Is Social Anxiety more a habit?

Am I anxious just because I’m made this way, or did I learn to be this way?

Whilst some of us are predisposed towards anxiety like myself (Sensitive types are like Orchids), I can’t help but feel that, in some way, I learned to be anxious. I think that for many chronic worriers, we worry because it’s a behaviour we have learned so well and have practised so much we follow it out of habit.

We get into a groove of behaving and thinking in specific ways. In my case, this scenario involves up-and-coming social situations, and I learned to be anxious in those moments (anticipatory anxiety). Like any habit, we follow the same behaviour whenever the situation arises.

Problems we worry over are like mental chew toys; the future has many of them. We ruminate on them, ‘chew the cud’ because it’s a habit we have picked up. It gives our minds something to do but doesn’t help a lot.

So anxiety, I feel, has become a habit for many of us. This wild and negative speculation about the future becomes our habitual go-to place when facing uncertainty. We engage our minds in thinking because that’s the behaviour we think will do us most good. The more you think, the more you want to think, becoming almost like an addiction.

Anxiety or thinking is our default, and thinking negatively is but a short step away. But that doesn’t mean this habit cannot be changed. That’s why I like Buddhism. To be mindful, we stop ruminating and pay attention. We turn our mind away from ideas and towards the senses and body sensations, a common one being our breath. Making this a habit as an alternative to worrying is why it’s recommended for anxiety sufferers.

It doesn’t have to involve mindfulness and meditation; it could also involve talking with a best friend, taking in some art, or engaging in some form of exercise.

If worry is a habit, we can treat it as any other behaviour we want to change. We can reduce our anxiety by avoiding the automatic leap towards thought when we face a problem.

I won’t go into depth here about habit change as it’s a whole topic. But by thinking of anxiety as a habit, we can feel a little more empowered to change it towards something healthier for us and less ashamed of having a bad habit.

Looking back on my journey of anxiety, I can see I changed my thinking habits with alternatives, with writing, art, yoga, socialising and exercise. Anxiety is partly a lifestyle; to be less anxious, we need to change that lifestyle.


The very friends we need are the ones who will save us from our nightmares.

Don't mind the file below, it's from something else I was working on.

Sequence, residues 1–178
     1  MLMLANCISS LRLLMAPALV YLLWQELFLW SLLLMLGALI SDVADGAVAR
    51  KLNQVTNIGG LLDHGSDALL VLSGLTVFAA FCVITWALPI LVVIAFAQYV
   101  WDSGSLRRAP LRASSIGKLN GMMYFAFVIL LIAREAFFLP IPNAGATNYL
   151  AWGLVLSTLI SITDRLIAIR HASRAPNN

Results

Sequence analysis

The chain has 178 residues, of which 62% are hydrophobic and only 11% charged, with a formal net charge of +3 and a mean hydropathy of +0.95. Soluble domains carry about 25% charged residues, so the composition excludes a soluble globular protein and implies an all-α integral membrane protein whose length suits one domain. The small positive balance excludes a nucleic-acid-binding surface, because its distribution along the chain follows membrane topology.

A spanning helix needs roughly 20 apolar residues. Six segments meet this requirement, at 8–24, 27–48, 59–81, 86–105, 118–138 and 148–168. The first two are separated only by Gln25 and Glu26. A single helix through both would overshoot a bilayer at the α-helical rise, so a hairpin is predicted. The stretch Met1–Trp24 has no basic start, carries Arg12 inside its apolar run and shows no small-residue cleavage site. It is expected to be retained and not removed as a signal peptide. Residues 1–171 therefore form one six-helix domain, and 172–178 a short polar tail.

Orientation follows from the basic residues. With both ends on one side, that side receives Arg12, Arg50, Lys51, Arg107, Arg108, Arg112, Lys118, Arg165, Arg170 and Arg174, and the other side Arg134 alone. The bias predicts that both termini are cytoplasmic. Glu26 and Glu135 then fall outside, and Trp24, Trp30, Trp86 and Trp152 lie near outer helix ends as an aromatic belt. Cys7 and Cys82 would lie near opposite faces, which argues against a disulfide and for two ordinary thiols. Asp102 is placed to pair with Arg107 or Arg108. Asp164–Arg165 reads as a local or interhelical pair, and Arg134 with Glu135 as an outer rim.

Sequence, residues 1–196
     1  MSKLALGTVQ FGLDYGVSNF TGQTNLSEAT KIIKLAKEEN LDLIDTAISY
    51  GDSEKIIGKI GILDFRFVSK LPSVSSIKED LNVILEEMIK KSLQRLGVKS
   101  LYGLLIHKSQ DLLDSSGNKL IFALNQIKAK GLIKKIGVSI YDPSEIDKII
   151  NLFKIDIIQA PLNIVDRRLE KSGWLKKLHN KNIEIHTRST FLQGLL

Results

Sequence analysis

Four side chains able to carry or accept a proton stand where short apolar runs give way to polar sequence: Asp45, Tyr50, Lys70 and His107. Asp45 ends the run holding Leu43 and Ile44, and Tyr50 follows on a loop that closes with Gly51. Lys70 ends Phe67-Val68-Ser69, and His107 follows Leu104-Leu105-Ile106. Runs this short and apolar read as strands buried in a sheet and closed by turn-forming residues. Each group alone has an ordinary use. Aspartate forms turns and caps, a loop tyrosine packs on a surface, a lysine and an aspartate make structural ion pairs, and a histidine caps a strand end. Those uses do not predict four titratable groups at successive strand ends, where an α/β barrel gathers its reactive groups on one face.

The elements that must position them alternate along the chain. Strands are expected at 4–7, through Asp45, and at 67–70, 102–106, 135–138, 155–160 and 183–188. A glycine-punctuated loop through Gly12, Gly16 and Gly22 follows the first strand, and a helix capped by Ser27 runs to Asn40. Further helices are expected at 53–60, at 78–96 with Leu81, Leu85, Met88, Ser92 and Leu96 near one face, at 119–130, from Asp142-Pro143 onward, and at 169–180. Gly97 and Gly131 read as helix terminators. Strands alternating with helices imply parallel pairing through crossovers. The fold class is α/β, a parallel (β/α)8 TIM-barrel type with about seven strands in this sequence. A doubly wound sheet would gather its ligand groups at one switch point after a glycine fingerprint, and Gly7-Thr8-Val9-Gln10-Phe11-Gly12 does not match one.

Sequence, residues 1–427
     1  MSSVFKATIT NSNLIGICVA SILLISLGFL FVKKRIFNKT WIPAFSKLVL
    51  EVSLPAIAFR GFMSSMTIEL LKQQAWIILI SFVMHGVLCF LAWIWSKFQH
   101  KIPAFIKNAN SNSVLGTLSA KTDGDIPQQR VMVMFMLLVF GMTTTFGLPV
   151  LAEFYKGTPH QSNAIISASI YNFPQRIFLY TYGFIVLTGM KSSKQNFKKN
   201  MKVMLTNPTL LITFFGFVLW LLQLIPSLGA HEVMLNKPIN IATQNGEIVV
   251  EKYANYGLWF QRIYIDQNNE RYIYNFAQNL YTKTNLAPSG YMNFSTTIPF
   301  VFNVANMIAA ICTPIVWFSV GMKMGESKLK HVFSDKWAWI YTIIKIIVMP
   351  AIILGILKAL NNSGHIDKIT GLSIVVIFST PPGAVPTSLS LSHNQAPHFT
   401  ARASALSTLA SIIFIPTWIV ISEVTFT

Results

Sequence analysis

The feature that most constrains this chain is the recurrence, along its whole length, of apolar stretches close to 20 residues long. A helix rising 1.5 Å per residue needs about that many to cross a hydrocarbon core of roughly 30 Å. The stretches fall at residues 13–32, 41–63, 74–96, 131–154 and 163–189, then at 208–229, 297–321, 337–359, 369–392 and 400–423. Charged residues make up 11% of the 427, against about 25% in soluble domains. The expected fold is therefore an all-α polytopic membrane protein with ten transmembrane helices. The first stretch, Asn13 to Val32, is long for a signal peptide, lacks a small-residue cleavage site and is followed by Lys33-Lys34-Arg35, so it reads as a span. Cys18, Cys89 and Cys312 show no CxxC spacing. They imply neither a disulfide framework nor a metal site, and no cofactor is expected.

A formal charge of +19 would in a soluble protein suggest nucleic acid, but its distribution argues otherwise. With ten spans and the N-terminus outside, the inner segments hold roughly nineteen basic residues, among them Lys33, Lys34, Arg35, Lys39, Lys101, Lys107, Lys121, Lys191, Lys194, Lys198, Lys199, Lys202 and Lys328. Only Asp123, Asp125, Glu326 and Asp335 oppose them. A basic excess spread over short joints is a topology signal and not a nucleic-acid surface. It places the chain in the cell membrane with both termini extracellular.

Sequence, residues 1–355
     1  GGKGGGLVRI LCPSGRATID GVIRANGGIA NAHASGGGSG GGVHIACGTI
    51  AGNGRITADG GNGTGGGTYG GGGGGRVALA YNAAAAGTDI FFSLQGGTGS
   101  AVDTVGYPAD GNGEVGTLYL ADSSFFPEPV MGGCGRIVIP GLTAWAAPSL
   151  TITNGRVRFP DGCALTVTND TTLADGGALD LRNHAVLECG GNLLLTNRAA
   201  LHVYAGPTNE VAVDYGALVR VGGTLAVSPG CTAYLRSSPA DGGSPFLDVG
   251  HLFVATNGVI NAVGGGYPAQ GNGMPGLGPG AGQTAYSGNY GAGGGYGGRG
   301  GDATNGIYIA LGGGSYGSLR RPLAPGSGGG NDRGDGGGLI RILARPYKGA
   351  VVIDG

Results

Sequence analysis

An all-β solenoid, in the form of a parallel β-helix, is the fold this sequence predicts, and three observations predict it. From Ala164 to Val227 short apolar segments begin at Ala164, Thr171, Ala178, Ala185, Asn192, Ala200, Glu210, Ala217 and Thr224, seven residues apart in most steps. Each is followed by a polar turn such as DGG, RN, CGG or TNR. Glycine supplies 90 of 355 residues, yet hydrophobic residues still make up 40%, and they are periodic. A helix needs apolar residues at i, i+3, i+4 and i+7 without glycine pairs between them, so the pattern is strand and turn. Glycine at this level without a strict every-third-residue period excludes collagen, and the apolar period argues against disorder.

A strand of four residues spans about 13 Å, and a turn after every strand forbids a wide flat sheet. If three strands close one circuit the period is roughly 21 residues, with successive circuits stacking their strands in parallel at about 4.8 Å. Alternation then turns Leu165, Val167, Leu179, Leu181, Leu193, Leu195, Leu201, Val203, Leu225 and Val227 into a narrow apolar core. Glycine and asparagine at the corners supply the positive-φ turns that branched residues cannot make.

Maybe it’s not anxiety that’s the habit, but the running. I read somewhere that we don’t run because we’re afraid; we’re afraid because we run. Our fears remain because we refuse to face them and seek an understanding. As such, we never learn the truth about them if we keep running away.

Avoidance became a habit for me, and I never challenged my perceptions and practices for a long time. That’s the worst thing loneliness does to people. We become so afraid to face others we end up in a little bubble of our own. In such a bubble, our fear grows stronger with no reality or facts to challenge or shatter them. Such isolation lets us live in a fantasy realm bearing little resemblance to the real world. The truth is people are far more compassionate and forgiving than we imagine.

When alone, our perceptions become distorted. We tend to imagine the worst, falling into a spiralling circle of fear, low self-worth and delusion.

Without reality to guide us, our worldview becomes tainted and poisonous. Cynicism and pessimism lead to bitterness, regret, and anger. Which only keeps people away, perpetuating the cycle of suffering.

Fear and hurt create a self-fulfilling prophecy. We run towards rumination and away from reality because we habitually do so. So, we end up more in our heads with all the demons they conjure up. Despair, shame, guilt, self-pity, helplessness. The Four Horseman of the Modern Apocalypse, as I call them.

Because we don’t test our ideas or beliefs in the real world, our nightmares and fears find their own life. Away from the world’s light, our habitual instinct to turn inwards is not bad, especially for an artist. But it comes with risk. Always turning inwards means our fears are fed by ignorance; we fail to learn the truth that our suffering is based upon falsehoods.

To break the illusions and ease our suffering, we must reduce the habit of running away and turning inwards when something upsetting happens. Instead, we need to adopt a different habit that faces the fear and helps us cope with our feelings.

Mindfulness is a way of breaking the habit of running away from our fears and towards thought. Just being with the feelings in time can help us understand them, and so they no longer have quite the same power over us.

Image by Jake Heckey from Pixabay

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